Monday, June 29,2020
The International Monetary Fund (IMF) has advised the federal government to adopt supportive policies during the period of the COVID-19 pandemic.
Abebe Aemro Selassie, director of the IMF Africa department, told journalists on Monday that it would be wrong for the federal government to aggressively introduce new tax measures at this time.
“Nigeria is an oil-exporting country so the impact of the pandemic is being compounded by the sharp decline in oil prices. We are projecting that GDP growth would contract around 5.4 percent this year so it’s a very significant hit to incomes,” the director said while presenting the latest regional economic outlook for Sub-Saharan Africa.
“It will be very important to have very nimble policy response to ensure that the hits to the economy are not compounded by policy challenges.
“This is not the time to be aggressively introducing new tax measures but there is a long-standing challenge, on the fiscal side, of needing to have sufficient resources generated by the government from non-oil sources to provide investments in health, education, infrastructure so there is that long-term agenda that needs to be addressed.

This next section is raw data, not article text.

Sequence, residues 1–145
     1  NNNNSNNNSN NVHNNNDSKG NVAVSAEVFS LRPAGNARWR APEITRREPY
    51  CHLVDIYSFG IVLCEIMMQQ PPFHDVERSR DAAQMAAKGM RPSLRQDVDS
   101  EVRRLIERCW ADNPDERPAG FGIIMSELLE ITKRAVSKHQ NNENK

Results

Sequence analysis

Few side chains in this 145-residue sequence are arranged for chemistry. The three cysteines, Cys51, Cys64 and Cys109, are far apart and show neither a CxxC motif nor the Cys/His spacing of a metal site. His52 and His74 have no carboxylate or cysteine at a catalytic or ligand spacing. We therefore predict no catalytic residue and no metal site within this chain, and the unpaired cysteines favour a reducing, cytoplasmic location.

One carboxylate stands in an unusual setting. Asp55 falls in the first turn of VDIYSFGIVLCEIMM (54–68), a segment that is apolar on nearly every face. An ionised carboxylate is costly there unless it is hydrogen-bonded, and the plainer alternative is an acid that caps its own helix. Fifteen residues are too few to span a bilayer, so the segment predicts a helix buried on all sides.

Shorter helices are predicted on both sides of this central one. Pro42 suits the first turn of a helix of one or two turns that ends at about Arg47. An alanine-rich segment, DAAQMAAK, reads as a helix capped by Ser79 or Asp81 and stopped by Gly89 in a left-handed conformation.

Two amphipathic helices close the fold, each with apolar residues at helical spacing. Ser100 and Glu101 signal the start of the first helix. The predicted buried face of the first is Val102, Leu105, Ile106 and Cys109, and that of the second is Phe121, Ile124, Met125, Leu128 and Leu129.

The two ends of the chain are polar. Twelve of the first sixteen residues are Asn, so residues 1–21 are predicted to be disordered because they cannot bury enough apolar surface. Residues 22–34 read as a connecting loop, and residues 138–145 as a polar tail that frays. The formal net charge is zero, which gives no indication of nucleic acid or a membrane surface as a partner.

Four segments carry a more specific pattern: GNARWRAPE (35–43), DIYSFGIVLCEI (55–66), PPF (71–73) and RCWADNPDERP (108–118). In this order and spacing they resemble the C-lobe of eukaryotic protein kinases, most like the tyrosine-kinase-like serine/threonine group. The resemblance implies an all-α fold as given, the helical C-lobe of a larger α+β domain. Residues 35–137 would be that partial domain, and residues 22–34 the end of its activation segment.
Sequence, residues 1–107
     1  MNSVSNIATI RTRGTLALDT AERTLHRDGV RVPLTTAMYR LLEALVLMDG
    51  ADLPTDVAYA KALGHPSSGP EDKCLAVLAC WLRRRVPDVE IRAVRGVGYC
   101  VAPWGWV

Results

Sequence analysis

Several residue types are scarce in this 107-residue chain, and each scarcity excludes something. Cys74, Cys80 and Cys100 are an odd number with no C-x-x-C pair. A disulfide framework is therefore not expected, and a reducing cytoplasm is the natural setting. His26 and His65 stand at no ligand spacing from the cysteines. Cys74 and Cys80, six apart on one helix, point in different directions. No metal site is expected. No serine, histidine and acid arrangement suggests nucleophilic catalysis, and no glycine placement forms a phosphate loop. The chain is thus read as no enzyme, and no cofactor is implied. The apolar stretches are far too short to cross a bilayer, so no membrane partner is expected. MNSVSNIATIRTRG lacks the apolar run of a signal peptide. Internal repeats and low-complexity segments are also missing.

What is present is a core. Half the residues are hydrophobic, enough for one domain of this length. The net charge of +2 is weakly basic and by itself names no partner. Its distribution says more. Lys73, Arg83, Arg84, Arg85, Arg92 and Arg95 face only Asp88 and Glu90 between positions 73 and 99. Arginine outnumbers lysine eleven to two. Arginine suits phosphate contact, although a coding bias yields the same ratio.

“Right now, fiscal policy can be supportive and needs to be supportive.”
Selassie described the pandemic as a “fast-moving crisis” adding that the resultant economic downturn will be significantly larger than projected in April.
He advised countries to prioritise the preservation of health and lives in the short-term.
“As the region starts to recover, authorities should gradually shift from broad fiscal support to more affordable, targeted policies; concentrating in particular on the poorest households and those sectors hit hardest by the crisis,” he explained.
“Looking even further forward, and once the crisis has waned, countries should refocus their attention on transforming their economies, creating jobs, and boosting living standards—clawing back some of the ground lost during the current crisis.
“None of this will be easy, particularly in light of the scale of the crisis and its longer-term consequences. The region cannot tackle these challenges alone, and a coordinated effort by all development partners will be key.”
The IMF projects that Nigeria’s economy will contract by 5.4 percent in 2020 and recover by 2.3 percent in 2021